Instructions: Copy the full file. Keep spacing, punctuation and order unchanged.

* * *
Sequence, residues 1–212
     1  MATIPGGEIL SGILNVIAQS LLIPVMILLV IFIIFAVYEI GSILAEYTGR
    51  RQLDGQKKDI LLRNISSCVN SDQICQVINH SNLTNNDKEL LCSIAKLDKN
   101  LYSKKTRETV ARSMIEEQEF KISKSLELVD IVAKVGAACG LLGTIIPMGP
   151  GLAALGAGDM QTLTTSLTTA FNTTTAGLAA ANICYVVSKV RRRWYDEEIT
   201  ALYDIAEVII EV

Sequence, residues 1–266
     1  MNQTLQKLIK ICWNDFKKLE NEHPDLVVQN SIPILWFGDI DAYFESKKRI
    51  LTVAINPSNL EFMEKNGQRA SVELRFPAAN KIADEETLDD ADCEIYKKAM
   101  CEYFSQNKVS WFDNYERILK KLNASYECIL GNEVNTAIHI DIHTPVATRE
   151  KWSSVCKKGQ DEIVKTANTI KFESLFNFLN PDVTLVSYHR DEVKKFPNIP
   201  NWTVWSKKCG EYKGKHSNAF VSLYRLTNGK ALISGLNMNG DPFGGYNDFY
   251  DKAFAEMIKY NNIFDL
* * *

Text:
Sequence, residues 1–212
     1  MATIPGGEIL SGILNVIAQS LLIPVMILLV IFIIFAVYEI GSILAEYTGR
    51  RQLDGQKKDI LLRNISSCVN SDQICQVINH SNLTNNDKEL LCSIAKLDKN
   101  LYSKKTRETV ARSMIEEQEF KISKSLELVD IVAKVGAACG LLGTIIPMGP
   151  GLAALGAGDM QTLTTSLTTA FNTTTAGLAA ANICYVVSKV RRRWYDEEIT
   201  ALYDIAEVII EV

Sequence, residues 1–266
     1  MNQTLQKLIK ICWNDFKKLE NEHPDLVVQN SIPILWFGDI DAYFESKKRI
    51  LTVAINPSNL EFMEKNGQRA SVELRFPAAN KIADEETLDD ADCEIYKKAM
   101  CEYFSQNKVS WFDNYERILK KLNASYECIL GNEVNTAIHI DIHTPVATRE
   151  KWSSVCKKGQ DEIVKTANTI KFESLFNFLN PDVTLVSYHR DEVKKFPNIP
   201  NWTVWSKKCG EYKGKHSNAF VSLYRLTNGK ALISGLNMNG DPFGGYNDFY
   251  DKAFAEMIKY NNIFDL